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The User Experience of Social23:11 with Luke Murphy-Wearmouth
Social media, in its current incarnation, has been around for the last six years. In that time, we've been inundated with suggestions, tips, articles and rants on why it's brilliant for our business and that you'd have to be stupid to 'not do social'. As developers and designers, we've been integrating social media into our sites and apps as standard practise. However, when it comes to how we implement social into the things we build, more often than not we use plug and play content streams, or bolt-on buttons, making social another tick box that we need to complete in the overall build. What we end up with are poorly designed social interactions in our user journeys, that make no sense in the wider context. While this might not hurt the bottom line in itself, it's a big missed opportunity. It's time we start putting context into the social elements of our sites and apps, using User Experience Design and playing with the social APIs that are out there. Luke will look at how we currently use social media, how we can apply basic UX Design methodologies and then move onto the how, with practical examples of how we build better social interactions, using the major social APIs.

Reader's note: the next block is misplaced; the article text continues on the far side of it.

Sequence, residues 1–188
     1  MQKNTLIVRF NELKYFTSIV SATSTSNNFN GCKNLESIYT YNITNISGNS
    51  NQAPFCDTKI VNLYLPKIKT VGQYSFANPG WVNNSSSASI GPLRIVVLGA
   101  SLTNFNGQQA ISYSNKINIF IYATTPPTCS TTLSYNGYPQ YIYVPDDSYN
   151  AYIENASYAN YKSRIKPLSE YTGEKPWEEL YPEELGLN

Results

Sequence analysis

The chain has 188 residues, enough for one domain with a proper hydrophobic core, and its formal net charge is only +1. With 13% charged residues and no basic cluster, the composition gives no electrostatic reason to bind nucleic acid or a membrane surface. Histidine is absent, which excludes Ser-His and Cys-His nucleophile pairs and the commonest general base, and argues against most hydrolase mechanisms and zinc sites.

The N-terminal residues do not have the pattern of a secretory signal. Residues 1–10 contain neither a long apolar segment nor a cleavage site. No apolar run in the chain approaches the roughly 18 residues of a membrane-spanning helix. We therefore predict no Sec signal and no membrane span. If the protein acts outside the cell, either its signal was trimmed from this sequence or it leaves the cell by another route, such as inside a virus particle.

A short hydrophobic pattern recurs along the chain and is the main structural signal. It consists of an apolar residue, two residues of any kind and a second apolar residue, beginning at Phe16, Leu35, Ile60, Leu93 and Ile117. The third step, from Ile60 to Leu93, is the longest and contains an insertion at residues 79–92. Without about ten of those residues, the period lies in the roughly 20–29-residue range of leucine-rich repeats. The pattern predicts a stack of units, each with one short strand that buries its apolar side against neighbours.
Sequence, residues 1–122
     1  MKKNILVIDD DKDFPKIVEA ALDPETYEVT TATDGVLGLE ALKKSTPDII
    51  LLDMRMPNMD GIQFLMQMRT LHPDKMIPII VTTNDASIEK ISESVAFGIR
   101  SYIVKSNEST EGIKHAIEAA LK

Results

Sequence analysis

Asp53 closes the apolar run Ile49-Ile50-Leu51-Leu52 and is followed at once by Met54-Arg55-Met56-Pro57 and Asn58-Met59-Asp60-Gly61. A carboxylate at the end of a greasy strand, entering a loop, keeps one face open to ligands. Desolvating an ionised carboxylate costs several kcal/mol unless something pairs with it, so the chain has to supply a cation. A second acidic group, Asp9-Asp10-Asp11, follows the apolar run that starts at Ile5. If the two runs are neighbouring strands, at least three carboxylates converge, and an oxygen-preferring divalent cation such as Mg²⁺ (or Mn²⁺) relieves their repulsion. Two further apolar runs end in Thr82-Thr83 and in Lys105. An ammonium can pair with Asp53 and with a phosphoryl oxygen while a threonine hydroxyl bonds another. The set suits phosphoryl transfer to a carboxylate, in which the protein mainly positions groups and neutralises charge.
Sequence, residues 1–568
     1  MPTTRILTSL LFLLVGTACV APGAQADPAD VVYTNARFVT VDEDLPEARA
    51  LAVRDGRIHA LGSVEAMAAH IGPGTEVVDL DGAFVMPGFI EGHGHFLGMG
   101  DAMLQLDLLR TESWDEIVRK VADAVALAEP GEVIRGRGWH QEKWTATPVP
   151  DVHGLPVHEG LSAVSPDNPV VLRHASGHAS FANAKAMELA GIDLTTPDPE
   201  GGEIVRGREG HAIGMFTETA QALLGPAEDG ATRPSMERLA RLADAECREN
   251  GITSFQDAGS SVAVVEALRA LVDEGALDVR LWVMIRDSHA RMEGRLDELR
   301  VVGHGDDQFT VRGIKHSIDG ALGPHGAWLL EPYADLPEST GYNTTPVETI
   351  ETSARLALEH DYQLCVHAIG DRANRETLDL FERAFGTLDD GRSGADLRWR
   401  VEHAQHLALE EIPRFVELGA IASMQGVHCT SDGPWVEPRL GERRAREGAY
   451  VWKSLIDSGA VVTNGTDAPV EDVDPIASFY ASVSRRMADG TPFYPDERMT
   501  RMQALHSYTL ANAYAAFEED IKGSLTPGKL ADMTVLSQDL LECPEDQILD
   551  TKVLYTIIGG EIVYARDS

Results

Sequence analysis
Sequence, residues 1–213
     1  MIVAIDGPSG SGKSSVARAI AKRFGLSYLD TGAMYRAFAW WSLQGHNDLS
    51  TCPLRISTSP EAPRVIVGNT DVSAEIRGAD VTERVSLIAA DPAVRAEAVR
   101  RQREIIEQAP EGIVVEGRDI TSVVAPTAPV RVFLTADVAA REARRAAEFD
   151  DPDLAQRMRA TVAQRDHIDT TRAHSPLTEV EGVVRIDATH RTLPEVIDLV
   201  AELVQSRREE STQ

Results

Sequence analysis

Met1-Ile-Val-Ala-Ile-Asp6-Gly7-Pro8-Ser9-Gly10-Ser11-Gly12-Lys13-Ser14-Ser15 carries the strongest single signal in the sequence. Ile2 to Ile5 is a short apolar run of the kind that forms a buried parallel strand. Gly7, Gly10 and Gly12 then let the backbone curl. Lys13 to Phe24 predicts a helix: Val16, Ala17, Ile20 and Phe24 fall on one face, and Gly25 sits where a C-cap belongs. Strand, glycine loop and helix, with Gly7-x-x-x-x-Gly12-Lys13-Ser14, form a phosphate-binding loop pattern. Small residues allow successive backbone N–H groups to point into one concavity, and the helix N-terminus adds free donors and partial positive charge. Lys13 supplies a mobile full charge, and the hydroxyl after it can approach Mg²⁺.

[MUSIC] 0:00 Hello. 0:01 How are we all today? 0:02 Good. 0:09 so, I just want to, quickly just get a bit of a gauge right. 0:11 So how many guys here are developers? 0:18 Guys and girls I should say. 0:21 Okay good, good. 0:24 Any designers at all? 0:25 Wow, okay. 0:28 And sort of product guys little no, one awsome. 0:29 Two three four a little bit okay cool. 0:34 So so my talk today is gonna be, it's 0:36 very focused around user experience and how we integrate things. 0:39 But this is something that I think that more 0:43 developers need to know about and be aware of. 0:45 Because when you're building things, you're the 0:48 guys who are telling the designers what's possible. 0:49 And a lot of it comes down to you being able to sort 0:53 of you know, shape that thought for the designers and for the product. 0:56 So if you wanna get me on Twitter and ask any questions or hurl any abuse at me 1:00 then I'm @lurkmoophy Similarly if you like what I'm 1:04 talking about then I've got some writing, over on lurkmoophy.com. 1:07 So, I thought I'd start off with a little bit of background about myself. 1:10 I studied in Sydney, Australia. 1:14 That's where I'm from originally, and I studied music. 1:16 So I fucked around with studio technology and 1:19 music for a couple years, which basically meant 1:23 at the end, when I got my degree, 1:26 my career prospects were loading, looking pretty grim. 1:27 So I sat around in my pants for about seven months 1:31 playing Elder Scrolls, and then finally got myself a job working at 1:33 a grain company designing everything from annual reports to web sites 1:38 cuz that's every boy's dream, to design for an agriculture company, right? 1:43 So about four years ago I decided that this 1:47 wasn't really wanted to, what I wanted to do. 1:50 Packed up all my stuff, moved across to the 1:52 UK, got myself a job in a social media agency. 1:54 Actually doing social media. 1:59 So, I spent all of my time telling my clients how what they were doing is 2:00 wrong, didn't have near enough social buttons plastered everywhere, right? 2:05 They, you couldn't, you couldn't like every element on the page. 2:10 How ridiculous is that? 2:14 So that's what I did for a couple years and then after that, after a while, I 2:15 bought myself a checked shirt, some glasses and 2:20 a MacBook and moved over to the creative side. 2:22 Became the the creative lead of the agency. 2:25 So, all of a sudden I was building the websites that 2:28 for two years previously I was tell them weren't social enough. 2:30 So that was, that was a bit of a fun experience. 2:35 And since then gone freelance. 2:39 So now doing my own thing. 2:41 But about mid-2012, I read this article by Paul Boag. 2:42 It, Social Media as part of the User Experience. 2:48 Now, this was the first time I'd heard anybody talk about 2:50 social media in a context other than just stick social on everything. 2:53 He was actually thinking through things. 2:58 You know, thinking about how we can make this a better experience for our users. 3:00 So this started to strike a chord with me, because up until then I had just 3:03 been plastering it over everything you know, because 3:07 that, that was all we needed to do. 3:11 Ya know, we needed to get the likes, we needed to get the follows, 3:12 and so this was something I started to look into quiet a bit more. 3:15 Now d, does anybody here know what Facebook is? 3:20 Good, yeah, not, not many? 3:26 Okay, cool. 3:29 So at this point I, you know, I was gonna throw at you 3:30 a whole bunch of stats as to why you should be doing social media. 3:32 For your, for your company. 3:35 But you guys don't need that at all, right? 3:36 It's, it's saying that we know is valuable to business, and it's saying that 3:39 we know that we need to be integrating into the sites that we build. 3:42 Yeah? 3:44 But what I am more interested in is how we 3:46 can make that experience a lot nicer for our users. 3:49 How we can do it with a little big more thought. 3:53 And how it can not be just a bolt on. 3:56 I actually really like the way that Paul Boag summed it up where 3:59 he said, too many of our sites that we build are social by happenstance. 4:02 And this is very much how I think we're at at the moment. 4:06 So it's something that we need to start thinking about a bit more. 4:08 And so, before I get into the actual hows and whats, 4:11 and whatevers, I want to start a little bit on the why. 4:15 So to give you a bit of background as to 4:18 why we do things, why we interact in certain ways. 4:20 So first off to cover off, there are really three modes of social interaction. 4:24 Right? 4:29 There's sharing, we all know what that is. 4:29 There's subscribing, so that's your like's and 4:31 your follows cuz that's what you're doing. 4:33 You're subscribing to receive more information. 4:35 And then there's your discussion. 4:36 So things like commenting systems. 4:38 These sort of fall under the whole social umbrella as well. 4:41 Then there's a few psychological principles that we 4:46 need to think about when it comes to social. 4:48 So things like social validation. 4:50 So, as humans, we try and form social groups. 4:52 That's what we're hard-wired in our brains to do. 4:57 And a lot of that comes down to 5:00 maintaining this sort of sense of self, right? 5:01 And, and upholding that. 5:05 And when it comes down to it, if there's an interaction that is going to 5:07 support that self-concept, that how I see myself, 5:11 then you're more likely to interact with it. 5:14 So that's something to, to remember when you're building interactions. 5:16 Then there's reciprocity. 5:20 Basically, if somebody gives us something, we will want to give something back. 5:21 So as I said, we as, oops, gone too far. 5:25 We as human beings are hard wired to build social groups and to make them stronger. 5:28 So it makes complete sense that this, this idea of reciprocal exchange 5:34 is something that is very sort of deep rooted in, in our interactions. 5:38 And then there is social proof. 5:43 It's my favorite. 5:44 It's like a, it's a phenomenon where a whole 5:46 bunch of people start behaving in a certain way, 5:48 that amount of people reaches critical mass and herd 5:50 mentality kicks in, and then they don't think anymore. 5:53 That's awesome, right? 5:56 Cuz we can take advantage of this, not in bad ways. 5:57 Just, just, you know, want to make that, that certain. 6:00 I'm not a fan of dark patterns but we see this. 6:03 I mean, in the design industry who here has ever coded up a 6:06 design that could be labeled as flat design in the past couple years? 6:11 I mean, this is something, you know, that a couple people thought 6:16 was a good idea and then a few more people started doing it. 6:18 And all of a sudden as soon as it reached that certain level it just what we do. 6:22 That was how we design sites now. 6:25 Flat design is the cool thing to do, and a lot of people do it without thinking. 6:27 And with social proof, there's sort of two main areas that it kind of falls into. 6:31 So there's informational conformity. 6:35 Which is where you are trying to behave 6:38 correctly, as society tells you, and normative of conformity. 6:40 So, that's where you are trying to 6:45 get acceptance from a social group and approval. 6:47 again, just something that's really useful to 6:51 keep in mind when you're building interactions. 6:53 Cuz if you play to these things, then you'll, 6:55 you'll start to you know, get a lot more results. 6:57 Then there's the motivations behind everything. 7:01 So really, when it comes down to it, there are two main motivations. 7:03 There's intrinsic motivation where the reward is the activity itself. 7:05 So you know, things like games, playing. 7:10 That kinda of stuff. 7:15 And then there's extrinsic motivation where award is external to 7:16 the activity, so obviously, the main one there is work. 7:20 Right? 7:24 We don't, most of us don't do work purely because we enjoy 7:24 the activity, we do it because we get payment at the end. 7:27 And when it comes down to it again, if you're building an 7:30 interaction, and that doesn't play to 7:34 either of these motivations with your user. 7:36 There's, you're not gonna get anything. 7:39 It's not gonna work. 7:40 Okay, so we've got that far. 7:42 You're, you're all still with me? 7:45 Good. 7:47 Haven't fallen asleep yet? 7:47 Lunch, lunch lull hasn't kicked in. 7:49 Cool. 7:51 So, let's get to the crux of it, right? 7:53 How do we make the way that we do social better? 7:55 How do we make it, so it's not so happenstance? 7:58 So, I just wanted to go through a few of the ideas I've been having over the past 8:00 yearish of how we can make certain elements of these better for our users. 8:04 So let's start with sharing. 8:12 We all like to share, right? 8:14 And the way we share is we just stick, stick share buttons over everything. 8:16 That's the way we do it. 8:19 So share this page, that's a common interaction, right? 8:22 We, we put those on their, on our websites. 8:24 You have them everywhere. 8:27 Now I actually. 8:30 So as I said, I'm from Australia. 8:32 So I fly back there quite often. 8:33 Flying back there in December, actually. 8:35 And the other day I was booking the flight. 8:37 So on a fairly big travel site, was going 8:39 through you know, booked, picked my flight, picked my times. 8:43 Went through to the next page, where you put in your, your, your 8:46 data, your information about me, and finally got to the payment details page. 8:48 And I noticed that sitting at the top of 8:53 all these pages is a little share this page button. 8:54 Why the fuck would I want to share 8:58 the page that I'm putting my payment information into? 8:59 I mean, it just makes no sense. 9:01 Right? 9:04 From a technical point of view, I can't kind 9:05 of understand it, because this is what happens, right? 9:06 We put these buttons and just put them site wide. 9:09 Yeah, but that doesn't make sense when, if the a user is on a page 9:14 where there is no logical reason for them to share that page, shouldn't be on there. 9:18 So we should have the power to turn these things on, on and off. 9:22 When it comes down to it, it's just about using common sense, right? 9:26 And then there's positioning. 9:29 And this one is a bit of a bug bear of mine. 9:32 It's where you put these, these sort of interactions on you page, 9:34 because really what it is you shouldn't be disrupting a user journey. 9:38 So a lot of people put them at the top of article or the top of pages. 9:42 Right? 9:47 Before it gets to the sort of real content. 9:47 And to me, this is kind of the equivalent of walking into a 9:50 restaurant, walking up to the waiter saying, I'd like a table for two please. 9:53 And then the waiter pushing you back out the door and going, tell all your friends. 9:57 Just makes no sense. 10:02 It's just, it's not a smart way of doing these things. 10:03 So again, we just need to think about 10:06 where this would sit within the user's journey. 10:08 And actually, so GigaOM. 10:12 Really good example of this. 10:14 Actually I really like the way that they, they implement this. 10:15 Right? 10:18 At the beginning of each article, they have this little summary here, which is 10:18 a bit of a too long didn't read version that people can then Tweet. 10:22 They click the Tweet button. 10:25 It opens up Twitter. 10:26 It has the summary and a link to the article. 10:27 It's very nice. 10:30 It's making it very easy for the user. 10:30 However, it's sitting before the article itself. 10:33 So, basically, they're asking you to come in, read the headline, read the summary. 10:36 And go, yeah, I wanna share this. 10:39 That's awesome information. 10:40 Unfortunately, I know that it works a little bit too well for them. 10:42 Because a lot of people don't read articles these days. 10:45 But it's not particularly great for the user journey. 10:47 It's disrupting that user journey. 10:50 This was something that we were actually working with was working 10:54 with a group of theaters to try and make their experience better. 10:57 And this is, this is an example of how they came to us and they 11:00 said, well, you know, we want to stick a share button on the tickets page. 11:03 Makes sense, right? 11:08 But we thought, well, hang on a second. 11:08 Is there a smarter way we can do this? 11:10 Now, I know that when I'm booking when I'm trying to get 11:12 a group together to go to the theater, it's an absolute fucking nightmare. 11:14 Trying to get everybody together, trying to get the right dates, trying to 11:19 you know, find out when people are free, all the rest of it. 11:22 So we though, oh wait, maybe we can make this a little bit better. 11:24 So what we looked at was using a service called Doodle. 11:27 Right? 11:31 Has anybody here ever used Doodle? 11:31 It's awesome, right? 11:33 You just stick in a bunch of dates, send 11:34 it to your friends, and everybody inputs, and it's great. 11:36 Tells you when, when everybody has finally put 11:38 in the dates that they're, they're interested in. 11:41 Doodle has an API. 11:43 So why doesn't it make sense to just stick this in the ticket booking page. 11:45 Automatically create a poll, and send it out to your friends? 11:48 Right? 11:51 It interrupts the journey a little bit, cuz they go off the site. 11:51 But it's, it's making that, that process a lot easier for users. 11:53 unfortunately, this got shelved before it actually got put into place, 11:59 but you know, these are the things that we deal with, right? 12:01 And then think about presentation. 12:05 So, it's very, very tempting to just you 12:07 know, grab the Twitter buttons off Twitter site. 12:09 Although you know, it's, it's, that's what a lot of us do. 12:13 We just grab them, stick them on the site and we're done, right? 12:16 But thinking about especially when it comes down to microcopy. 12:20 Microcopy is very important in getting somebody to interact with you. 12:23 Language is very important. 12:26 Because if you can make language emotive, then and, and contextual. 12:27 So it's in context of what's happening. 12:33 Then you'll have much more success when you 12:35 try and get people to actually do something. 12:37 So again, an example of this is a site we were building recently for a tie company. 12:40 And we were thinking, okay, we wanna share a button on product pages. 12:45 But why would people share? 12:49 Why would somebody want to send out a product to a bunch of their friends? 12:51 Well, a lot of the reasons is because they are trying to 12:55 get advice, so we thought okay, maybe we can just shortcut that, right? 12:58 And we can just put a little need advice ask 13:01 your Twitter followers and Facebook friends if this would suit you. 13:03 So it's a nice little bit of copy, but 13:06 works a whole lot better than just writing share this. 13:08 And 13:11 then there's making it contextual. 13:14 So this is something that I'm quite interested in is these contextual 13:16 Tweet buttons, this thing that Paul talks a lot about in his article. 13:20 Where the idea is that you go through your content and you find the 13:23 most sort of relevant pieces of information, 13:26 pull them out and make them easily shareable. 13:30 So this is something that we put in place for hotels.com. 13:32 Where we had this massive content document, they 13:36 wanted to be able to share the page. 13:38 But we thought, well wait, how can we 13:40 make this a little more interesting for our users? 13:42 So we went through, found the interesting quotes and 13:44 information and pulled them out into little Tweetable snippets. 13:46 So throughout the copy. 13:50 When you click on the button, it just opens up 13:51 a little dialogue using twitter intense very easy to do. 13:53 And it shares that and actually the results of this were the 50% 13:58 of the shares that came from our site was via these quote buttons. 14:02 Which was quite nice to show that these work. 14:06 But we can make this better. 14:10 And this is I mean, as I said I'm a 14:12 designer and I'm a front-end dev, so PHP scares me. 14:14 But we can add social proof via APIs. 14:19 And it's the thing that I'm working on at the moment. 14:21 This is saying that a lot of sights are already putting into place. 14:24 So you look at Lanyard, right? 14:27 Say if you, say your heading something. 14:29 So this is to follow. 14:31 If your logged in I really like this little touch. 14:33 Right? 14:37 It has the attendees, but around the first couple it has these little borders. 14:37 There people that I follow. 14:41 So it tells me the information that I want to know first. 14:44 Which is that my friends are going to this event. 14:47 Therefore I'm probably going to, you know, that's social 14:49 proof, I'm going to think that, that has more 14:51 worth as an event because my friends were already 14:54 going, and it bubbles that information to the top. 14:56 It's quite smart Eventbrite do it too, but with Facebook which means that 14:58 whenever I'm going to a dev event I usually only have one friend going. 15:04 Don't really have many real friends. 15:08 But then I thought, well, you can do this with the sort of contextual tweet as well. 15:11 We can just pool the data when somebody shares. 15:15 We steal their username. 15:18 Then when they first. 15:19 You know, we can stick some little avatars next to the 15:21 Share button to say, well these people have already shared it. 15:24 And this is saying that we're working on at the moment. 15:27 It's really easy. 15:29 It's basically just you know, pull the data when they first 15:29 share it and then when they go to share it again. 15:32 Check if they're following the people who've already shared it. 15:36 Just checking against, comparing to a raise, right? 15:41 It's very easy. 15:43 So, this is something that just you know, adds that nice little touch there. 15:45 So, then there's The Follow. 15:50 So, I run a club night in London and like 15:52 any self-respecting club night we had a glow-in-the-dark party last year. 15:55 And so I needed to go out and buy some UV lights. 16:00 As if you've ever bought UV lights online, you 16:02 know that most of the sites are really dodgy. 16:05 And so I went onto this site and all of a sudden I was confronted with bow! 16:09 . 16:14 I was confronted with this. 16:14 well, it's bit of an exaggeration, but I was confronted with, when 16:18 I went onto the site, I had a follow us on Facebook. 16:23 Like us on Twitter. 16:27 The other way around. 16:28 Follow us on Pinterest. 16:29 Follow us everywhere worth being. 16:30 Now, what was my intended user journey here. 16:33 I wanted to go onto the site, I wanted to find a light, I wanted to buy the light. 16:36 That was the end, right? 16:41 They stopped me at the first site to say no, 16:43 no, no, no, no, go away and do this first. 16:46 Because you know, you already trust me as a 16:48 brand, so you might as well subscribe to me, right? 16:50 Just makes no sense. 16:53 So this is where you need to think about where it makes sense when you're 16:54 putting these sort of things in and generally it's at the end of the journey. 16:57 So, another good example when we were doing the, the theater site. 17:02 This was how they ended when you bought a ticket from them. 17:06 Thank you for purchasing tickets to Madea. 17:10 Back to previous page. 17:12 So I want to go back to my payment. 17:14 Makes sense, I just bought a ticket. 17:15 I want to pay them again. 17:17 Or continue. 17:19 Continue to the front page, cuz I've just bought tickets again. 17:20 I wanna go to your front page and look at what else you got going. 17:23 It doesn't really make sense, right? 17:26 But at this opportunity, it's a great example of where you can use some very 17:28 nicely worded microcopy to say, well look, 17:33 these people are also going, oh, that's awesome. 17:36 My friends are going to this as well. 17:38 Why don't you let people know that you're going as well. 17:41 Aw, yeah, I might do that. 17:44 And then, oh why not follow us on Twitter and Facebook. 17:45 And you know, you can let us know what your thoughts about this show. 17:47 That's a great idea. 17:51 That just continued my journey, right? 17:53 Instead of being a hard stop, they've just 17:55 continued me going on and interacting with them. 17:58 Commenting. 18:02 I could do a whole hour bitching about commenting, 18:04 but I'm going to just do a very short period. 18:07 I have a real problem with the way 18:12 that, that commenting is currently implemented on sites. 18:14 Just cuz I feel that it's a bit lazy, right? 18:18 Cuz at the moment, commenting systems often result in, in this. 18:20 Or is anybody here on Dribble? 18:24 Oh God, there's one. 18:30 [LAUGH] On Dribble, this is the kind of feedback you get, right? 18:30 Dribble, so for those who don't know, Dribble is a community of designers 18:36 where you post your work, that you're working on to get feedback on it. 18:40 Great idea. 18:44 This was the best feedback I've ever got. 18:46 Love flat designs, nice. 18:48 That's really helpful, right? 18:53 And the problem here is that at the moment their, their call to action, right? 18:54 Leave, leave your feedback is, add a new comment. 18:59 Just a bit lifeless, right? 19:02 We need to guide our users and provoke that discussion. 19:04 And there's a few people who are doing this really well. 19:07 I love A List Apart. 19:09 Does anybody here read A List Apart? 19:11 Should just stop re, asking questions, really. 19:13 I love the way that A List Apart used to do their comments. 19:16 Which was, at the bottom of the article, they didn't have 19:19 the long stream of comments, so you could see all the trolls. 19:22 They just had a little, little box. 19:24 Discuss, was it good for you too, join the discussion. 19:26 During the discussion. 19:30 Makes you feel like a part of the community. 19:31 Makes you feel like you are taking part of something that is not just a broadcast. 19:33 You know, taking part of something where other 19:37 people are actually going to respond to you. 19:39 Just again, really nicely to get a microcopy that works there. 19:41 And for God's sake, have a think about comments 19:45 and if you don't need them, turn them off. 19:47 Right? 19:49 Cuz otherwise, they're just useless. 19:49 Just fluff. 19:51 Right? 19:53 We don't need fluff. 19:53 If you do need them, then make it easy for your users. 19:54 So have a think about implementing something like 19:58 you know, the, the twitter and facebook login. 20:00 This is something that a lot of people already do, right? 20:02 But if you are going to put in something 20:04 like a comment system, don't throw up a form at 20:05 me and tell me that I need to fill 20:08 in loads of information before I want to do something. 20:10 This is the new A List Apart, and I, I absolutely love their, their copy, right? 20:14 We reserve the right to delete flames, trolls, and wood nymphs. 20:18 It's brilliant. 20:21 So, how do you make the decision? 20:25 Alright, how do you make the decision of what 20:28 you're going to, how you're going to implement these things. 20:32 Well, as I said, it comes down to the user journey. 20:36 And it comes down to thinking about those, those three main ways of interacting. 20:40 You share, you subscribe, and you discuss. 20:43 So all it takes is mapping out user journey. 20:48 It's a really simple user journey for an ecommerce sight 20:50 it's actually the silks and ties site that I showed before. 20:53 So they come onto the main page. 20:57 They go onto a category page, they have a look 20:59 through, click on a product Go through click, buy the product. 21:01 Go through to the checkout. 21:06 Go through to the forms, put in your information. 21:07 Go through to the thank you page. 21:09 Go through each of these, and have a think 21:11 about whether that makes sense to add social in here. 21:13 Right? 21:16 So in the front, you put a, maybe wanna put a share, because from a brown point 21:17 of view, somebody might want to share oh, 21:20 I found the site for, for Robert Keyte Silks. 21:22 Right? 21:25 Makes sense. 21:26 Subscribe, people kinda expect you to put a 21:27 subscribe on your front page, that makes sense. 21:29 Second page. 21:31 Category page. 21:33 Probably don't need a share, because edge case people who are going to 21:35 share stuff, they'll probably just gonna copy and paste and put it in Twitter. 21:40 But subscribe, especially with a little bit 21:43 of nice microcopy might make sense here. 21:45 We don't have the product you're looking for, follow us on Facebook 21:47 and Twitter and we'll let you know when we get new stuff in. 21:50 Product page, share, need advice, did that one already. 21:54 Makes sense. 21:57 Checkout page. 21:59 Don't need anything there, doesn't make sense. 22:01 Form page. 22:03 Don't need anything there, doesn't make sense. 22:04 Thank you page. 22:08 Oh, we can put loads on here, right? 22:09 We can inundate them with shit. 22:11 Because they've already finished their journey. 22:12 We can get them to interact with us a bit more. 22:14 We can try and continue it. 22:15 And we haven't lost out on anything. 22:17 Because, hey, they've already given us their money. 22:18 So you know, it just makes sense. 22:20 So, really, when it comes down to it we just need to 22:23 think about, are websites today, that, that they are too social by happenstance. 22:26 And really, we need to move them to being social by design. 22:32 This doesn't mean that we need to add in another you know, five day's development. 22:35 It doesn't mean that we need to add in another couple days of UX work, right? 22:39 All it really means is that we just need to give it a little bit of thought. 22:44 So I think I've run a little bit under here, but that's me. 22:50 So as I said, you can get me on twitter at @lurkmoophy or lurkmoophy.com 22:57 is my blog, so you can check out the rest of my writing there. 23:02 And if you've got any questions, that would be great. 23:05 [NOISE] 23:07